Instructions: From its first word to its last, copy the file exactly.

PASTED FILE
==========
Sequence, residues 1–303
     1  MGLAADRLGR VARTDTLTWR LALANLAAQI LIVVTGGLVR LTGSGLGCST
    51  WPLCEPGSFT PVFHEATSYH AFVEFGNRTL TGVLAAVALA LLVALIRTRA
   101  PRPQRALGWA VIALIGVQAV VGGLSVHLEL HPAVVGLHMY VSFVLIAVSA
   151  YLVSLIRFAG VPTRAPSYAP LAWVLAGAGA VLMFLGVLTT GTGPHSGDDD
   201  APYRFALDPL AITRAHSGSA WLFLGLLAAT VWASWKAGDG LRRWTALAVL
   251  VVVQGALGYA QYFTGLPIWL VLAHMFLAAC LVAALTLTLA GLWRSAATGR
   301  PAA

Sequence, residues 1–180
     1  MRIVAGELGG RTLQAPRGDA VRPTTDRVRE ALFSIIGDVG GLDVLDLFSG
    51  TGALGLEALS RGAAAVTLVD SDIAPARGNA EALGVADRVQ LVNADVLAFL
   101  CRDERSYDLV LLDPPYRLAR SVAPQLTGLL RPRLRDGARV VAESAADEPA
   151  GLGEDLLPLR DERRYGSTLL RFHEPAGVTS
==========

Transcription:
Sequence, residues 1–303
     1  MGLAADRLGR VARTDTLTWR LALANLAAQI LIVVTGGLVR LTGSGLGCST
    51  WPLCEPGSFT PVFHEATSYH AFVEFGNRTL TGVLAAVALA LLVALIRTRA
   101  PRPQRALGWA VIALIGVQAV VGGLSVHLEL HPAVVGLHMY VSFVLIAVSA
   151  YLVSLIRFAG VPTRAPSYAP LAWVLAGAGA VLMFLGVLTT GTGPHSGDDD
   201  APYRFALDPL AITRAHSGSA WLFLGLLAAT VWASWKAGDG LRRWTALAVL
   251  VVVQGALGYA QYFTGLPIWL VLAHMFLAAC LVAALTLTLA GLWRSAATGR
   301  PAA

Sequence, residues 1–180
     1  MRIVAGELGG RTLQAPRGDA VRPTTDRVRE ALFSIIGDVG GLDVLDLFSG
    51  TGALGLEALS RGAAAVTLVD SDIAPARGNA EALGVADRVQ LVNADVLAFL
   101  CRDERSYDLV LLDPPYRLAR SVAPQLTGLL RPRLRDGARV VAESAADEPA
   151  GLGEDLLPLR DERRYGSTLL RFHEPAGVTS